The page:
- Hannah Palmer Egan
In a mossy vale not far from Montpelier, Dave Kaczynski holds a small yellow mushroom. "These never came to bear here this year," he says. It hasn't rained in days; the forest floor is dry, and the mushroom has started to wither. Its edges are tattered, its gills and stalk scarred where bugs have bored into them.
It's a chanterelle, one of the choicest wild edibles in the world, but it's too far gone, no longer worthy of the plate, and one of few found here this season. For Kaczynski and other professional foragers and wild crafters — as some call themselves — chanterelles bring $18 a pound at market in Vermont. In more moneyed locales, they can fetch $25 or more.
Kaczynski's company, the Wild Side of Vermont, provides sustainably harvested wild edibles to South Burlington and Montpelier farmers markets, and to area chefs and restaurants. While his prices may seem steep, finding the fungi takes both practice and perseverance — especially as mushrooming becomes increasingly popular in Vermont for amateurs and pros alike.
"Sometimes it still feels like you're giving them away," says Robert Dumas, Kaczynski's friend and a student at the New England Culinary Institute, who's along for the walk in the woods.
"Sometimes you're just paying for miles on your shoes," Kaczynski adds.
The men suspect their spot has been poached. "The chanterelles used to run both sides of this brook right here," Kaczynski says. "But people have been picking this area pretty good."
"I saw people just cutting the tops straight off," Dumas says. One guy in particular, they say, has been picking the place clean, and they know who he is. Conscientious mushroomers, Kaczynski says, will take some but not all of a particular patch. But "if too many people are using your spot," he adds with a shrug, "it's time to find a new spot."
A mushroom trek, like any game of wilderness hide-and-seek, is a fickle forage: Set out in search of one thing, and you'll likely return with another. But for hungry hunters, August and September bring a fungal menagerie: lion's mane, hedgehog, lobster, oyster, chicken and black trumpet mushrooms all flourish across the Green Mountains.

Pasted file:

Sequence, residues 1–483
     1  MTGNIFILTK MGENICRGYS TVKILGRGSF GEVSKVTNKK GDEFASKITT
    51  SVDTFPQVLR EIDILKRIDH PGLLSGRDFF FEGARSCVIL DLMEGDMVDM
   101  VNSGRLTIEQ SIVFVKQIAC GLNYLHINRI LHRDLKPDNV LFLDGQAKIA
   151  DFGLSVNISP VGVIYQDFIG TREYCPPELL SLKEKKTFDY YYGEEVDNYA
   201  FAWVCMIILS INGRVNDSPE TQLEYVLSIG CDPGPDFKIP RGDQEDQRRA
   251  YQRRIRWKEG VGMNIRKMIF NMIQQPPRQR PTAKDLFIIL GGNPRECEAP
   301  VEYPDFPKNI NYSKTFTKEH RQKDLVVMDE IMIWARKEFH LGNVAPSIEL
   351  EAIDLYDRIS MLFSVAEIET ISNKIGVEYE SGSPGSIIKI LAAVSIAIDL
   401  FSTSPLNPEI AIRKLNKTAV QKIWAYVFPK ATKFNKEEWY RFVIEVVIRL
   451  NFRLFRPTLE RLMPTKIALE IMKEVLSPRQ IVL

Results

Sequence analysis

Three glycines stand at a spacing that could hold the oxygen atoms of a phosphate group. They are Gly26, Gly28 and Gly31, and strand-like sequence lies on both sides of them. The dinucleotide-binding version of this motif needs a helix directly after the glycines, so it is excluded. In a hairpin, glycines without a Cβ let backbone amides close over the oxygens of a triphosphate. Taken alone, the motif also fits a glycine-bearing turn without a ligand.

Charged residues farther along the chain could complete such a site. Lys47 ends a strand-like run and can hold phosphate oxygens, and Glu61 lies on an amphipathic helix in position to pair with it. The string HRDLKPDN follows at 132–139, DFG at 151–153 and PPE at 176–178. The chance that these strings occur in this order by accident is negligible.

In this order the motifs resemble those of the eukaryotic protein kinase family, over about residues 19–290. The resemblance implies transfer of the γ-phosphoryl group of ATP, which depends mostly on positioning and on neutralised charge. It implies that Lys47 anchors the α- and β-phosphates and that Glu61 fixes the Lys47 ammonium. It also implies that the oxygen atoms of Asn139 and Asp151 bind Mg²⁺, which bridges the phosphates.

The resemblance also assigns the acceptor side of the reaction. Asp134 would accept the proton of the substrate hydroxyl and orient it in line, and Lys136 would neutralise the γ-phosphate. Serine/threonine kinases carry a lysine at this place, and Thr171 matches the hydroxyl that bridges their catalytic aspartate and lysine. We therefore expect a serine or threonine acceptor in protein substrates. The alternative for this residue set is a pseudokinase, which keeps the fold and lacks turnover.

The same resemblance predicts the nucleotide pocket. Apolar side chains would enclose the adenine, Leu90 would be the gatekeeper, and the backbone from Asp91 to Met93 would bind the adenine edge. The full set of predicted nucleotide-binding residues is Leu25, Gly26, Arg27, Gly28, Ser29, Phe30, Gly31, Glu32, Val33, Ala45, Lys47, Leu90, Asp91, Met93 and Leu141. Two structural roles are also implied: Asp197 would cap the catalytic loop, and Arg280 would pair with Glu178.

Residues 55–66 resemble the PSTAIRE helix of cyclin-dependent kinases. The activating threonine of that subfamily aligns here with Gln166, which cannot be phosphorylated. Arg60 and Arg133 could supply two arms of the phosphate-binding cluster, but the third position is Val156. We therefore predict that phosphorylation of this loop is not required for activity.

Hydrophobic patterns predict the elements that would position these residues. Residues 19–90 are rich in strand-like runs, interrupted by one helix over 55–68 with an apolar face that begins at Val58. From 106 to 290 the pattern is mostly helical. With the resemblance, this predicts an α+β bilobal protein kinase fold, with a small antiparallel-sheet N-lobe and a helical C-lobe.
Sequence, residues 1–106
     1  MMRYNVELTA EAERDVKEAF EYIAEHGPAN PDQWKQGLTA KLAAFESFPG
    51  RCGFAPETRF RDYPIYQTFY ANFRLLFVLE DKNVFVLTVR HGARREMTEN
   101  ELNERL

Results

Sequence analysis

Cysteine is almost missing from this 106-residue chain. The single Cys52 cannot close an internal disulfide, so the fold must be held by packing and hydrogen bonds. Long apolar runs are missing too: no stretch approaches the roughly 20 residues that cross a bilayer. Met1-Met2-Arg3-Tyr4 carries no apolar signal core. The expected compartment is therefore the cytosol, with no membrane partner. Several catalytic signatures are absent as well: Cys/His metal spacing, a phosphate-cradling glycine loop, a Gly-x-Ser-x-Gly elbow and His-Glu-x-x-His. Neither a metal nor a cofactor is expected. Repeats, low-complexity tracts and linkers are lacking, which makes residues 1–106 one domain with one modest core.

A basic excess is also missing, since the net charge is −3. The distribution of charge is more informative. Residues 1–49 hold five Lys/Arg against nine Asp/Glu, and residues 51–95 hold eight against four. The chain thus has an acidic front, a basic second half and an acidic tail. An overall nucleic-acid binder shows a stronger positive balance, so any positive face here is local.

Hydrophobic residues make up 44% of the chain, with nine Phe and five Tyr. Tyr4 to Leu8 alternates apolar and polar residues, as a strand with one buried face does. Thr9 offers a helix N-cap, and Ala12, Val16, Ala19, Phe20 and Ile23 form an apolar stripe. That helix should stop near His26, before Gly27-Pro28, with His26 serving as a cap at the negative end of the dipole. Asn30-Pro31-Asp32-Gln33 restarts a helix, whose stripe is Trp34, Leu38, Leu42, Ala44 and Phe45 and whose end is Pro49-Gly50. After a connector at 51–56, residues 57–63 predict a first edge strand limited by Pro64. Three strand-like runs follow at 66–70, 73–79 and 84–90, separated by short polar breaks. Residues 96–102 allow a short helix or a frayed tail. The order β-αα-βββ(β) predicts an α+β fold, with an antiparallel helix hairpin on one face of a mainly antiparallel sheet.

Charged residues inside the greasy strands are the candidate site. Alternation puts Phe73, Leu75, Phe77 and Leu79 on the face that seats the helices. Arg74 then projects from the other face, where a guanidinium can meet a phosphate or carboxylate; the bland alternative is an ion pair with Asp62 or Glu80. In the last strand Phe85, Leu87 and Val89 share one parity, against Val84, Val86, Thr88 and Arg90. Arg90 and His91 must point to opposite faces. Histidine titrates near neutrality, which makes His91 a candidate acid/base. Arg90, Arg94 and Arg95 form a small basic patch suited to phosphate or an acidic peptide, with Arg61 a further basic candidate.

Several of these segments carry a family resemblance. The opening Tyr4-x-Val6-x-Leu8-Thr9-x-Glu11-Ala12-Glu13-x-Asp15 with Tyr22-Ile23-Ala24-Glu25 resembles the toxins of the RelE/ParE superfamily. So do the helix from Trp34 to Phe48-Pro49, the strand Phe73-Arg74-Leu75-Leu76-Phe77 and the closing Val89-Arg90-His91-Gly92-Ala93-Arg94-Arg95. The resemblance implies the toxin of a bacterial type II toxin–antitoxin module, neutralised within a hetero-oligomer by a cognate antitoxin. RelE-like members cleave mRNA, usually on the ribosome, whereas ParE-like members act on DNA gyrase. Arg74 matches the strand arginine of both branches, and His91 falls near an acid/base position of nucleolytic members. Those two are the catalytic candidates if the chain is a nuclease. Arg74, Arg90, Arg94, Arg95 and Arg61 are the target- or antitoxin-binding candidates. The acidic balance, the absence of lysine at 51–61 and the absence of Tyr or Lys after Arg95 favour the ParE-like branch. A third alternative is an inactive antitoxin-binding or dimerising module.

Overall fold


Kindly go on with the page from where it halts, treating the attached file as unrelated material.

We've walked for about half an hour looking for black trumpet, an elusive charcoal-colored 'shroom in the chanterelle family. As we ascend a hill, Kaczynski announces excitedly that this is one of his best spots. Last year, he says, he picked a boodle of the hard-to-find fungi here, and they should be coming into season right about now.
Black trumpet mycelia — or root networks — commingle in a symbiotic mycorrhizal relationship with beech tree roots. Beeches are everywhere, but today the ground is barren. We find a few of the dusty, vase-shaped fungi, but most are wilted and dry. "Looks like this is amounting to nothing," Kaczynski says. "Such a drag — we had a killer harvest last year. I think it all just dried up midseason."
He looks off down the hill as if wondering which way to turn, then says with a start, "Oh, look over here! See that over there, see it on that tree?"
He points to a fallen log studded with white clumps of ... something. Closer up, they look like fungal cauliflower dripping with creamy-white tines like icy winter waterfalls. It's lion's mane, a "toothed" mushroom in the Hericium genus, probably coralloides or ramosum.
"Yeah, that's wicked," Kaczynski says. "There's a ton of it there. This stuff is fabulous, man. The smell of it will blow you away."
I bury my nose in a bunch and inhale its scent. Lightly fishy, sort of nutty, it mostly smells like wet, loamy dirt, peaty and rich.
"These eat like sweet lump crab meat," Dumas says. "That's probably one of my favorite mushrooms." (Toss some in at the end of a sauté, he tells me later, for a killer sauce or stir-fry.)
"It's so funny how that sort of thing happens," Dumas notes. "You start to be like, 'Man, nothing, damn,' and suddenly there it is."
Moments later, Kaczynski bends over a tuft of leaves. "See this pile? Typical hidden delight here. You see the leaf structure; they're [lying] flat, or a certain way. I see an irregularity and think, OK, there's something going on there." He lifts up the leaves to reveal a massive lobster mushroom, five inches across and deep red, riddled with slugs and worms. "This is huge — and gone by. But that's how we spot them," he says.
These hearty, malodorous, bright-orange beasts of the woods grow when a parasitic fungus infects another fungus, and in this varied stand of forest, they're everywhere, tucked beneath the leaves. "[The parasite] takes a perfectly round, white Russula — a relatively inedible mushroom — and makes it a choice edible," Kaczynski says. The result smells like an earthy shellfish and looks like chopped lobster when cooked.